Synopses & Reviews
American Odysseys is an anthology of twenty-two novelists, poets, and short-story writers drawn from the shortlist for the 2011 Vilcek Prize for Creative Promise in Literature. Including Ethiopian-born Dinaw Mengestu, the recipient of the Prize; Yugoslavian-born Téa Obreht, the youngest author to receive the Orange Prize in Fiction; and Chinese-born Yiyun Li, a MacArthur Genius grantee, what these authors all have in common—and share with US Poet Laureate Charles Simic, who has contributed a foreword—is that they are immigrants to the United States, now excelling in their fields and dictating the terms by which future American writing will be judged by the world. Running the gamut from desperate realism to whimsical fantasy—from Miho Nonaka’s poetry, inspired by fourteenth-century Noh theater, to Ismet Prcic’s wrenching stories set in the aftermath of the Bosnian war—American Odysseys is proof, if any be needed, that the heterogeneity of American society is its greatest asset.
"This anthology is composed of selections from 22 writers recognized by the 2011 Vilcek Prize for Creative Promise, an award given annually to a young American immigrant (Dinaw Mengestu won in 2011). The anthology, with a foreword by Charles Simic, is composed of poetry, short stories, and excerpts of novels from such accomplished writers as TÃ©a Obreht (The Tiger's Wife), Ilya Kaminsky (Dancing in Odessa), and MacArthur 'Genius' Mengestu (How to Read the Air). Across the works, identity and memory emerge as common themes of the immigrant experience, '...to live/ in a place where memory/ becomes a synonym for home,' as poet Sarah McCallum sees it. In Porochista Khakpour's and Ismet Prcic's tales, America is the battleground of the past and the present, a land of the persistence of memory. Some writing is of the old country, such as Laleh Khadivi's lyrical engagement with Kurdish history. Some is of the new country and the trials of the immigrant experience, as Ellen Litman writes: 'Immigration distorts people.' And some takes place in neither region; David Hoon Kim's stellar contribution, 'On the Persistence of Sorrow in Gravitational Interactions,' probes identity and its relativity. A powerful tapestry of art and experience from some of America's newest talents. (Feb.)" Publishers Weekly Copyright PWxyz, LLC. All rights reserved.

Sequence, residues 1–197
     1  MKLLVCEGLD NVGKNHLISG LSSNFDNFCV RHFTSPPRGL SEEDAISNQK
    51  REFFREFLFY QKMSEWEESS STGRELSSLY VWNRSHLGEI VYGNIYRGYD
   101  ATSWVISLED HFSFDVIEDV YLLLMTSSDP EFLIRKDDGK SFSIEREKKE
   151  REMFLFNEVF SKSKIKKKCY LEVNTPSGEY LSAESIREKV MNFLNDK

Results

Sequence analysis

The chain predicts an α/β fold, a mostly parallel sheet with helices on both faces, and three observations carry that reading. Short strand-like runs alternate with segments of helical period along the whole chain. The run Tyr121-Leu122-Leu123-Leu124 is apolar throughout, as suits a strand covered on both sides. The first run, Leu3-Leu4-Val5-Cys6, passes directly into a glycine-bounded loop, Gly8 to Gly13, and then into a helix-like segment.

American Odysseys is an anthology of twenty-two writers drawn from the shortlist for the 2011 Vilcek Prize for Creative Promise in Literature. Including work by Dinaw Mengestu, Téa Obreht, Yiyun Li, and introduced by poet Charles Simic, this collection is proof, if any be needed, that the heterogeneity of American society is its greatest asset.
About the Author
Charles Simic was born in Belgrade. He is a United States Poet Laureate, an essayist and translator. His 1990 collection, The World Doesn't End: Prose Poems was awarded the Pulitrzer Prize. He lives in New Hampshire.